West Slope House races draw donors’ attention
The general election is four months away and two Colorado House races on the Western Slope already have the attention of donors in both parties in the state.
That’s because the voter registration numbers in the two districts — House District 59 that extends from Gunnison to Durango, and HD61 that stretches from Delta County to the Summit Valley — indicate they are winnable by both parties.
As a result, the four candidates in the two races already have or soon expect to receive thousands of dollars in campaign donations before the November elections, according to the latest campaign finance reports filed with the Colorado Secretary of State’s Office this week.
While most candidates in legislative races are lucky to collect donations in the hundreds of dollars, only those targeted by either party go into the thousands.
That’s happened in both races primarily for two reasons: All House and Senate seats were redrawn last year because of new population figures, and both parties see the two chambers as being up for grabs this election year, political strategists say.
Democrats only need to win one seat to reclaim a majority in the 65-member House, while Republicans hope to pick up three seats to win back the 35-member Senate.
“We absolutely see (HD59) as a winnable seat. It is politically competitive,” said Matt Inzeo, spokesman for the Colorado Democratic Party. “I understand why (HD61) is attracting attention, but I don’t think (Rep. Millie Hamner) is going to need serious reinforcements.”
In HD59, Rep. J.Paul Brown, the freshman Republican from Ignacio who holds that seat, has raised more than $30,000 in his first re-election bid.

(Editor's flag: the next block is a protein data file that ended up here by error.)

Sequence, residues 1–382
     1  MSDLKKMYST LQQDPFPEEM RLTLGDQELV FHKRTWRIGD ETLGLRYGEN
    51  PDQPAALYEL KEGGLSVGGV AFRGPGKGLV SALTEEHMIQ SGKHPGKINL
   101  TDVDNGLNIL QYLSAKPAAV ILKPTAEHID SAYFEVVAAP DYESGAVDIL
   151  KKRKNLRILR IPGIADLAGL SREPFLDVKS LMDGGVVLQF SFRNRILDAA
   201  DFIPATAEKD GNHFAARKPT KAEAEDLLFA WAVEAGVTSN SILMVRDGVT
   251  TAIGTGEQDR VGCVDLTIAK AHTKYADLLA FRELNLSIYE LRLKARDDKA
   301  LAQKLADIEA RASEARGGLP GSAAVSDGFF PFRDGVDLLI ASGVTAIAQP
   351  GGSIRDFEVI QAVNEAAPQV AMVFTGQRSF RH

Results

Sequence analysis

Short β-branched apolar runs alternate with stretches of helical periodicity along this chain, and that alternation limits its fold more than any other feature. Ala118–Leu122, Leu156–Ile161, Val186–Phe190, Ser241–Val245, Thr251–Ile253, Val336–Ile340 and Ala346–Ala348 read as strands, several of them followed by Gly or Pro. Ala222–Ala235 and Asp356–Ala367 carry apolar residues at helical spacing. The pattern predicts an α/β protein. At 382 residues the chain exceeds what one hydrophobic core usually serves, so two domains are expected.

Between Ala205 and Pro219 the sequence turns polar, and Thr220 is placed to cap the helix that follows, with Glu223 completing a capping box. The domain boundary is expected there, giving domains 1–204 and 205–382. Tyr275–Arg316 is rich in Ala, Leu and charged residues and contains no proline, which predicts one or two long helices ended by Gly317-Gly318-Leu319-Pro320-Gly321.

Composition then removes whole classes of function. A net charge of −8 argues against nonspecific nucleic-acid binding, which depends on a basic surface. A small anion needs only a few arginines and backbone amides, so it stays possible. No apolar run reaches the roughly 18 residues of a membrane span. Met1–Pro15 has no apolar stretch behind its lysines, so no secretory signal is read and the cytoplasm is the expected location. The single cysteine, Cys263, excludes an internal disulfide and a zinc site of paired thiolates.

He’ll need that money to defend his seat against Democrat Michael McLachlan, a Durango attorney. McLachlan has more than $34,000 in the bank.
So far, McLachlan, who served as solicitor general in the Colorado Attorney General’s Office when now Interior Secretary Ken Salazar was attorney general, has received about $1,450 in donations from his party.
He also has gotten a $2,000 infusion from the Colorado Professional Fire Fighters Small Donor Committee.
Brown also has picked up his first major contribution, a $1,500 donation from the La Plata County Republican Party.
Meanwhile in HD61, Hamner, a Frisco Democrat, is similarly defending her seat for the first time.
As a result, she’s already raised more than $28,000, including a $500 donation from the Centennial-based BlueFlower Fund, a small donor committee that helps pro-choice, progressive women get elected to office.
She’s also received similar amounts from the Colorado Democratic Party and the Colorado State Conference of Electrical Workers.
Her Republican challenger, Debra Irvine of Breckenridge, has less than $8,000 in the bank, but that’s partly because she just won a tough primary bid against Gunnison Republican David Justice.
The two also will face off against American Constitution Party candidate Robert Petrowsky of Leadvile, who hasn’t raised any money, and unaffiliated candidate Kathleen Curry, who has collected about $1,500.